M refers to the count of the number of adjectives a participant selects on the PI Behavioral Assessment. It does not measure the candidate’s personality traits and is not intended as a way to select candidates.
While M is not a measure of any construct, it does play a role in the scoring of the PI Behavioral Assessment. Specifically, factor scores for people who have very low or very high M scores may be unstable. The Predictive Index (PI) does not recommend making decisions on Self or Self-Concept patterns that are generated with M scores below 6 or above 80. Instead, if the candidate is otherwise qualified, you should ask them to retake the assessment.
What is M?
M is simply the count of adjectives a participant has selected when completing the PI Behavioral Assessment. For example, if a person were to endorse 40 adjectives on the Self checklist, they would have a Self M score of 40 points. Because M is a byproduct of a participant’s free-choice response pattern, it is sometimes referred to as a Resultant Factor or Response Level in The Predictive Index’s technical documentation. M is not a measure of any construct, and PI does not endorse its use in workforce decision-making.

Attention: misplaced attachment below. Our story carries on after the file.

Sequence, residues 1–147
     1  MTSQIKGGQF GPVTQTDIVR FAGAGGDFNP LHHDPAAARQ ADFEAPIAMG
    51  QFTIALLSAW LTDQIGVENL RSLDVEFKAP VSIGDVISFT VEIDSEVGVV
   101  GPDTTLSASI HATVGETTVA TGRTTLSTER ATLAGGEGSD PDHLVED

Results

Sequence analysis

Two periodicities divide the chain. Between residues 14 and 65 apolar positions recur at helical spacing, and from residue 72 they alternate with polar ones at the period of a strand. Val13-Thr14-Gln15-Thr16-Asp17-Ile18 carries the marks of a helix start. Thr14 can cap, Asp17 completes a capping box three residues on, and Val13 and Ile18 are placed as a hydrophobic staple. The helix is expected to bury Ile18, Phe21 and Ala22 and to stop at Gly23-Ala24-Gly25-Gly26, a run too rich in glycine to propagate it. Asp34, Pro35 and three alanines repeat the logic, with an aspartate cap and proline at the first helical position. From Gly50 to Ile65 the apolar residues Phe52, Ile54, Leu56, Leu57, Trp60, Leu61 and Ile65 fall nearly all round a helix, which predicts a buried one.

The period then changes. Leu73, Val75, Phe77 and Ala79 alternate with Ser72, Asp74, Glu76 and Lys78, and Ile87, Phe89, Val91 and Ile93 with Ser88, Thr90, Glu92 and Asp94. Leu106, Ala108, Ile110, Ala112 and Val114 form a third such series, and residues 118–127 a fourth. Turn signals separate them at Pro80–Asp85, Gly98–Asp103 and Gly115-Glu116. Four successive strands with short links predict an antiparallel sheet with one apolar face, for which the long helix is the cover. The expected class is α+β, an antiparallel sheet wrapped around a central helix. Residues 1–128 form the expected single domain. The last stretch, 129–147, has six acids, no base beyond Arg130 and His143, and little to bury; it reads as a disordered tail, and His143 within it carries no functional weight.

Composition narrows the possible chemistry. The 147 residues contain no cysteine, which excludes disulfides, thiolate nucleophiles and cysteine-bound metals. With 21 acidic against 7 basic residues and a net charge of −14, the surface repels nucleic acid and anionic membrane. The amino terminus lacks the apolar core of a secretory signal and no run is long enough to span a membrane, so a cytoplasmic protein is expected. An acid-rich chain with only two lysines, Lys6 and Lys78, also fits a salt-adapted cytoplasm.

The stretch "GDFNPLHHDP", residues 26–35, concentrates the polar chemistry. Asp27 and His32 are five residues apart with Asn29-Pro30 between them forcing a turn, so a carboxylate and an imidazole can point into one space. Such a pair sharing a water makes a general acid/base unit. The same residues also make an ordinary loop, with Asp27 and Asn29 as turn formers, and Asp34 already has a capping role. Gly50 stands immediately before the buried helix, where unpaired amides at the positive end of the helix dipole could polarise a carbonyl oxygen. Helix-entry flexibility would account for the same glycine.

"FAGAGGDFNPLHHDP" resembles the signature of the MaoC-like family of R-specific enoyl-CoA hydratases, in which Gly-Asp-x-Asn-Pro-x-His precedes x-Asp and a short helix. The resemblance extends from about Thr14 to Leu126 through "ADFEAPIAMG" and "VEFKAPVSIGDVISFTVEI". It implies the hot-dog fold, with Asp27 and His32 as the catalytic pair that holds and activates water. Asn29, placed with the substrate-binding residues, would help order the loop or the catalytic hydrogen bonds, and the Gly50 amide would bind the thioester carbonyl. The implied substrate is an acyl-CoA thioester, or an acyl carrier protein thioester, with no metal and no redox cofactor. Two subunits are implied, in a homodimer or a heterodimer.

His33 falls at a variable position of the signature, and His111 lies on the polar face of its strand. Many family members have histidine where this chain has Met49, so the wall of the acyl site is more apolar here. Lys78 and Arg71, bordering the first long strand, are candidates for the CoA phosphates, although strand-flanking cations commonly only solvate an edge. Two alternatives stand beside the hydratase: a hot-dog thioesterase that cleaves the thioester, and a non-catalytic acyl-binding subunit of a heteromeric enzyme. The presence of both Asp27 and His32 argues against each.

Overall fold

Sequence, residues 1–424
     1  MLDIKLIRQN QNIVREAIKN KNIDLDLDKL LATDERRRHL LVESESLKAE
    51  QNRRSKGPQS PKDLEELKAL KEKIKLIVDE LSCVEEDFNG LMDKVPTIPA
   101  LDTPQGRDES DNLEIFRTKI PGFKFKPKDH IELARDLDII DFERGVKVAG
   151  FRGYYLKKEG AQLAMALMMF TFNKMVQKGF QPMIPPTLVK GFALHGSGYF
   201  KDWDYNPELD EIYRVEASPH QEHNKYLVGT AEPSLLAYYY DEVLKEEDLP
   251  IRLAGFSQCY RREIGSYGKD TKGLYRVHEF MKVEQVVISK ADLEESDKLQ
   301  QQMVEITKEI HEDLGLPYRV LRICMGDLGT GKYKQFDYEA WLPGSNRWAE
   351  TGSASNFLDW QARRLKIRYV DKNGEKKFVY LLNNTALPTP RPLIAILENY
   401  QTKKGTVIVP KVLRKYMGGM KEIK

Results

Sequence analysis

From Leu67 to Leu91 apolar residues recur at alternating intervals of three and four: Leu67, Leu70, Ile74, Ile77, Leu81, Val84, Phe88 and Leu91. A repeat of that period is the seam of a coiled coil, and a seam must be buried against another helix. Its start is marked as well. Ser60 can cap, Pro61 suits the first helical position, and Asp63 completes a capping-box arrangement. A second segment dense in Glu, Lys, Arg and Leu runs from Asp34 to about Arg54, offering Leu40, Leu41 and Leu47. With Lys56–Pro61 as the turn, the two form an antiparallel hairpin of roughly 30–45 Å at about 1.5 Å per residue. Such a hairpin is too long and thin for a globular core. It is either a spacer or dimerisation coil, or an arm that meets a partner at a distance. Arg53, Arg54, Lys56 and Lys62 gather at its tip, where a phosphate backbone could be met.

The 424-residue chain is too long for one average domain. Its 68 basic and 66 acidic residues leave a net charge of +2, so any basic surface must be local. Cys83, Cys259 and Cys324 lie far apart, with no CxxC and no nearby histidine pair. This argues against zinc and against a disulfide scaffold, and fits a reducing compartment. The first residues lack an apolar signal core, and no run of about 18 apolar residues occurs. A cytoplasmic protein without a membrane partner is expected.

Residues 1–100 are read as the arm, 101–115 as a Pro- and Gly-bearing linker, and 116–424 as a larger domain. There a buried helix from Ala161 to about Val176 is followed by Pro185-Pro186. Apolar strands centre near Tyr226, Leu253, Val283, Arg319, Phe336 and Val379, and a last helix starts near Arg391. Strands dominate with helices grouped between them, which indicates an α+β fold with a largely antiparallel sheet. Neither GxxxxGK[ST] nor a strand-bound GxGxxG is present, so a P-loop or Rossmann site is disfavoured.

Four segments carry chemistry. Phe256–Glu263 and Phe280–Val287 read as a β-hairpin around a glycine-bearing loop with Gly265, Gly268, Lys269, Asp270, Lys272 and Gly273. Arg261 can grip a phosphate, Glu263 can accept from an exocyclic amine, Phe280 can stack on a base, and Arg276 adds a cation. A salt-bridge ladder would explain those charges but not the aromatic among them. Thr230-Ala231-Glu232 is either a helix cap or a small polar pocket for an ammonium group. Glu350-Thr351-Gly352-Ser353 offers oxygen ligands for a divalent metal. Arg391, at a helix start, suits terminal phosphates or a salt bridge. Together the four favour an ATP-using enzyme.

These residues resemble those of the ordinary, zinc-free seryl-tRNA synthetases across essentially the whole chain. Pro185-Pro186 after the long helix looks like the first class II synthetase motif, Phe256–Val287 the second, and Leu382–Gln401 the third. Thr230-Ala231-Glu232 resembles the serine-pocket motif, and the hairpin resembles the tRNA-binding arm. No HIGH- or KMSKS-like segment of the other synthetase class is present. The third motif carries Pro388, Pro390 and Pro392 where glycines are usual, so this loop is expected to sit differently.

When Factor M is Very Low or Very High
When M is very low or very high, the respondent has not provided much information about their personality. If the respondent only endorses a few adjectives, very little information is available to estimate the relative proportions of the personality drives that will be shown in their PI Behavioral Assessment pattern.
The same is true for someone who selects a lot of adjectives on the PI Behavioral Assessment. In this scenario, they have provided very little information about which words do not describe their personality. Again, this leaves little information about which personality drives are higher or lower for that person’s pattern.